As a group of English as a Second Language teaching volunteers neared the end of their training recently, they got a taste of how their students will feel by learning a few Russian words.
The exercise in an unfamiliar language was intended to sensitize the volunteers to the difficulties of learning a language, said instructor Mary Anne Nelson of California Literacy Inc.
The free ESL classes, which are being offered at three sites in Westlake, are organized by the state Department of Corrections' Exposition Park Parole Unit in Westlake. (The name is a holdover from the office's previous location.)
Mel Seshiki, the unit supervisor, said the English classes are part of his unit's efforts to become more active in the community it serves. Members of the unit have tutored at the Union Avenue Elementary School, coached a youth basketball team and worked with community groups on neighborhood cleanups.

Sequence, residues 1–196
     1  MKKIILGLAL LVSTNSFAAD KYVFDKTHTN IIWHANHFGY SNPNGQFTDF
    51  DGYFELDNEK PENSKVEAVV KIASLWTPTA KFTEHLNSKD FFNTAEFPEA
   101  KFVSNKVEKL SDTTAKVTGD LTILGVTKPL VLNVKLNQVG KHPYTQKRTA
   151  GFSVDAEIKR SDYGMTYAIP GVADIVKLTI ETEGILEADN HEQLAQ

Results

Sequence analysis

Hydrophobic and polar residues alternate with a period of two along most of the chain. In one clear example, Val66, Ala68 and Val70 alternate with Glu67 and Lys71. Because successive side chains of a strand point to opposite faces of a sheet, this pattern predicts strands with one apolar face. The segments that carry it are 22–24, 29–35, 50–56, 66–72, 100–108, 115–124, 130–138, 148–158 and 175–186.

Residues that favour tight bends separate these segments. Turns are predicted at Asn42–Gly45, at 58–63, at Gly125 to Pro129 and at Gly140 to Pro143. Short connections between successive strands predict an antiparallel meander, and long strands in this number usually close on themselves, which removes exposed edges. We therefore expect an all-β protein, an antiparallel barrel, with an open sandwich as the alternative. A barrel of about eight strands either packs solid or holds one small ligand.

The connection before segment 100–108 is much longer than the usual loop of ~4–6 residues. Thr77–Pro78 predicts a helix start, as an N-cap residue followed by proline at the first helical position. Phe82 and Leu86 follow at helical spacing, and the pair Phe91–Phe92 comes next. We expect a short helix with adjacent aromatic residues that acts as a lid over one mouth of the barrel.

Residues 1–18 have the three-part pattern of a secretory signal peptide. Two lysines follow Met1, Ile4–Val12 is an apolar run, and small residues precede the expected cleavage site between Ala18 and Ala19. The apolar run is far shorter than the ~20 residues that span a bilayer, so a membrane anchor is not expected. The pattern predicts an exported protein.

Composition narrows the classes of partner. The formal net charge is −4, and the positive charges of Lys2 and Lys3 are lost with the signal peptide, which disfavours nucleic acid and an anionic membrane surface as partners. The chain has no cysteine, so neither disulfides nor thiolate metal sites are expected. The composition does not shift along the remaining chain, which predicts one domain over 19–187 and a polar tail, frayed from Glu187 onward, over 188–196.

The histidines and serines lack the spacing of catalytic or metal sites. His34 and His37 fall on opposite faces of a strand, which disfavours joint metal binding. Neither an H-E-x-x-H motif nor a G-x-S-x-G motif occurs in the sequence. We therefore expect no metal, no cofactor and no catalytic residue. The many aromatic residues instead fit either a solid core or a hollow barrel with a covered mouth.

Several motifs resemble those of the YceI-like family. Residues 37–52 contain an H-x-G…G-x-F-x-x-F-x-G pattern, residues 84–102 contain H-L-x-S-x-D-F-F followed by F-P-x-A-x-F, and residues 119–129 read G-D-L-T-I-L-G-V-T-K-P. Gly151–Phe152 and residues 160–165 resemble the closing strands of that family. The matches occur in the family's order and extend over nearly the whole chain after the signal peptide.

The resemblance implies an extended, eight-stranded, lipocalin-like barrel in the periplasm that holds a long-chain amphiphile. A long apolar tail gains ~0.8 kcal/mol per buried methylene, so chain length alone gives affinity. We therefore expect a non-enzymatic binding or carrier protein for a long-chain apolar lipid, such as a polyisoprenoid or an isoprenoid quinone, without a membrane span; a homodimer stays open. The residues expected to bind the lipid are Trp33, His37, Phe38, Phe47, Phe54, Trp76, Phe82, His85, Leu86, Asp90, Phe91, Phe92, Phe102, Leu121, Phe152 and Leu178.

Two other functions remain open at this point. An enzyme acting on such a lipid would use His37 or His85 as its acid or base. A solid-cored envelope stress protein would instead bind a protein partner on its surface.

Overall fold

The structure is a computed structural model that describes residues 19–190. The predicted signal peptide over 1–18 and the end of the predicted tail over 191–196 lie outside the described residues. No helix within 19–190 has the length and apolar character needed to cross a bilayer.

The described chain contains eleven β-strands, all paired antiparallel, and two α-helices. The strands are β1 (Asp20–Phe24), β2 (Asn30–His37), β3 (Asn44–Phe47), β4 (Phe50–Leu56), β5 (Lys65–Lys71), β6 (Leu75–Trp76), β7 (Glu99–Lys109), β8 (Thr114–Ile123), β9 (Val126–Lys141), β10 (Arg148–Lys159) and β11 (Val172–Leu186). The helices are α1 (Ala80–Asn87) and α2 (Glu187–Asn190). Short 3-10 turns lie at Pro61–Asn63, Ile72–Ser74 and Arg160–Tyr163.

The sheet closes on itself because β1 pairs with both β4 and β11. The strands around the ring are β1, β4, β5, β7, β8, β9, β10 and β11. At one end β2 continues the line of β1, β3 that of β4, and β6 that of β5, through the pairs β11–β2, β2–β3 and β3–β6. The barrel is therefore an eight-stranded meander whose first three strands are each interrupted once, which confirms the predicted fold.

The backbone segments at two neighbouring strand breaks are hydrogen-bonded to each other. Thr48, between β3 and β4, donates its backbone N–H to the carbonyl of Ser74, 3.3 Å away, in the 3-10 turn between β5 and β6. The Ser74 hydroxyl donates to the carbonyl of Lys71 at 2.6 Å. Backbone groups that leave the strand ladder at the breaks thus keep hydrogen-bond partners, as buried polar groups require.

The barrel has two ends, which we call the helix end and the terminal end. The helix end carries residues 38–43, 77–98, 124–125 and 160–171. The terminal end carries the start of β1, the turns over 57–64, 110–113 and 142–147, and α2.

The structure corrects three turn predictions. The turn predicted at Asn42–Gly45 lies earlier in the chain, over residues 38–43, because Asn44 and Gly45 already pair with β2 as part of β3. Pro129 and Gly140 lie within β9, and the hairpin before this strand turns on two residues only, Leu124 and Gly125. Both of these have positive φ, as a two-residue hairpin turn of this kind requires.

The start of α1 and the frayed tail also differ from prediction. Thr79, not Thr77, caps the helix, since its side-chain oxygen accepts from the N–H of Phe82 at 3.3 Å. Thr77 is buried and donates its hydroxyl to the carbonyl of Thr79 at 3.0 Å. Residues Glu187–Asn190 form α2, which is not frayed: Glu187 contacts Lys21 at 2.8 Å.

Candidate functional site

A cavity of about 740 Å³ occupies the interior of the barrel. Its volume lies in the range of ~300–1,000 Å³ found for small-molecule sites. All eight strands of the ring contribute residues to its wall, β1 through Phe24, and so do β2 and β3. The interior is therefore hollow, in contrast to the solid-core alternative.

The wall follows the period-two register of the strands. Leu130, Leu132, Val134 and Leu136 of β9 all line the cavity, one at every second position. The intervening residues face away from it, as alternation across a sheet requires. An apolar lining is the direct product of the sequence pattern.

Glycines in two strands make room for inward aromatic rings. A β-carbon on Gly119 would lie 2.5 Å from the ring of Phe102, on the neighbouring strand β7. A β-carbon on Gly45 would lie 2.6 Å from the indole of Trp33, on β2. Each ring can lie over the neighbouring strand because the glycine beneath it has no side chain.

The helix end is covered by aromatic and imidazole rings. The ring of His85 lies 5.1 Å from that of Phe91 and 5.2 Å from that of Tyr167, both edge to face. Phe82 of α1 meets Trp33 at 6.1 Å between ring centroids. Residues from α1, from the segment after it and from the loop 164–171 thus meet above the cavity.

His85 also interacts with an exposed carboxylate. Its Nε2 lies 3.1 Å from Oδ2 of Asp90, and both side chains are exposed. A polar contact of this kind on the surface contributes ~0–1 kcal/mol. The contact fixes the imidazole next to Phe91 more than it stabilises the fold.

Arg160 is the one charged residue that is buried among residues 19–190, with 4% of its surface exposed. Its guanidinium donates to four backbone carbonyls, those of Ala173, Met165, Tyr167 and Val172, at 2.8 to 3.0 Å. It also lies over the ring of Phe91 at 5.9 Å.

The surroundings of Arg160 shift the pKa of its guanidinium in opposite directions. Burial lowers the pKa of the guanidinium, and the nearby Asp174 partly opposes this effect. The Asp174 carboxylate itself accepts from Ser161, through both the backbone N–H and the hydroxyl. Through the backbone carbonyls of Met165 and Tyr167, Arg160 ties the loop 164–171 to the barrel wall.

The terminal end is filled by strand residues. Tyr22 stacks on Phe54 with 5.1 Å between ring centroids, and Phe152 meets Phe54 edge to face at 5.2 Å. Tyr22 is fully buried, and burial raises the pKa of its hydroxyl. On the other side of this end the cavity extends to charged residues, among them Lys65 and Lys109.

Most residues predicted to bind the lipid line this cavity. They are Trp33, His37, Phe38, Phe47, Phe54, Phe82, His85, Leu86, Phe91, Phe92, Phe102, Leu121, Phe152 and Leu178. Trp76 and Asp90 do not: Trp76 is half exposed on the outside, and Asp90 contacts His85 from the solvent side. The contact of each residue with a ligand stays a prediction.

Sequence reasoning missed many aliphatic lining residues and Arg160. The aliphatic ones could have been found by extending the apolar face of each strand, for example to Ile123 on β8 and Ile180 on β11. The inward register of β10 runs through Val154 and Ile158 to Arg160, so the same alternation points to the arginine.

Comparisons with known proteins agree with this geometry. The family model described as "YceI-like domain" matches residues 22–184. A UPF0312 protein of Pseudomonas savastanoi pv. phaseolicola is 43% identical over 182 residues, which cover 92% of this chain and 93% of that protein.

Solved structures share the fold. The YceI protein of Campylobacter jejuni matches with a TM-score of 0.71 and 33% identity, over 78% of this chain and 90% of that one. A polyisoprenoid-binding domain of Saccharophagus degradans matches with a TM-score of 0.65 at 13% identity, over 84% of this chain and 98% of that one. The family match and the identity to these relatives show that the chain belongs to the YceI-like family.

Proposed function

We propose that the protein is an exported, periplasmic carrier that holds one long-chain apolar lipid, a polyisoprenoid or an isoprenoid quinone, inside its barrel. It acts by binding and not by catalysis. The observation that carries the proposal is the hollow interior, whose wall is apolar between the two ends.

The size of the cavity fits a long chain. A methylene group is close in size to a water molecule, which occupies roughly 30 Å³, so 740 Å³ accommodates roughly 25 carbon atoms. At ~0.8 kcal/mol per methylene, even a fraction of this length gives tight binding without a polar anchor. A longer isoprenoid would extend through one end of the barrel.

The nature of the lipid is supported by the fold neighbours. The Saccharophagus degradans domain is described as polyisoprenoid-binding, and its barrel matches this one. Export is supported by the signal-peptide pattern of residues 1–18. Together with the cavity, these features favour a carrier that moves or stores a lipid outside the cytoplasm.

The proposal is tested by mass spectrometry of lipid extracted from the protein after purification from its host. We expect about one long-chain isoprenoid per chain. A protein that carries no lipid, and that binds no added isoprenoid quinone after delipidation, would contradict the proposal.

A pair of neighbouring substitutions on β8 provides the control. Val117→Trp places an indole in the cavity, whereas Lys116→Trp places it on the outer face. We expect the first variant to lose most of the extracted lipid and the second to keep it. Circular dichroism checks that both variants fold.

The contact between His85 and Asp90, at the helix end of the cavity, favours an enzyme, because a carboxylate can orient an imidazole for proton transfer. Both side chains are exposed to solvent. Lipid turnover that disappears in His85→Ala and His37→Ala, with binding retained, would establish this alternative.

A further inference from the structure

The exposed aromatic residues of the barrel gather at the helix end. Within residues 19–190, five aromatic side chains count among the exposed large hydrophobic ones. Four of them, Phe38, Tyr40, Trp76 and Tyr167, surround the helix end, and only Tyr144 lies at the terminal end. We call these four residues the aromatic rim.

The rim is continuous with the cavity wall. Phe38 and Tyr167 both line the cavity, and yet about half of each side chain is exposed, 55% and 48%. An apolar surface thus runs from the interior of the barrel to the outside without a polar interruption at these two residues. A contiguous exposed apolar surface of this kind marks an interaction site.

Seshiki organized the first free classes in 1991, attracting about 75 students. This year, he recruited 10 people, most of whom live or work in Westlake, to undergo 15 hours of training in teaching ESL.
"You'd think there'd be a lot of ESL programs around, but there aren't," said Paul Gamberg, one of the volunteer teachers. Gamberg said the training is "helping me get a better perspective on how much work there is to be done to improve this city. We don't communicate anymore."
Volunteer Dotson Bennett said that, in addition to the community class he will teach, he plans to begin ESL classes at his security and maintenance business in Monterey Park, where more than half of his 2,000 employees do not speak English.
The volunteers agreed that knowing English is not quite the same as being able to teach it. "They are learning so much about their own language, things they never thought about before," Nelson said.
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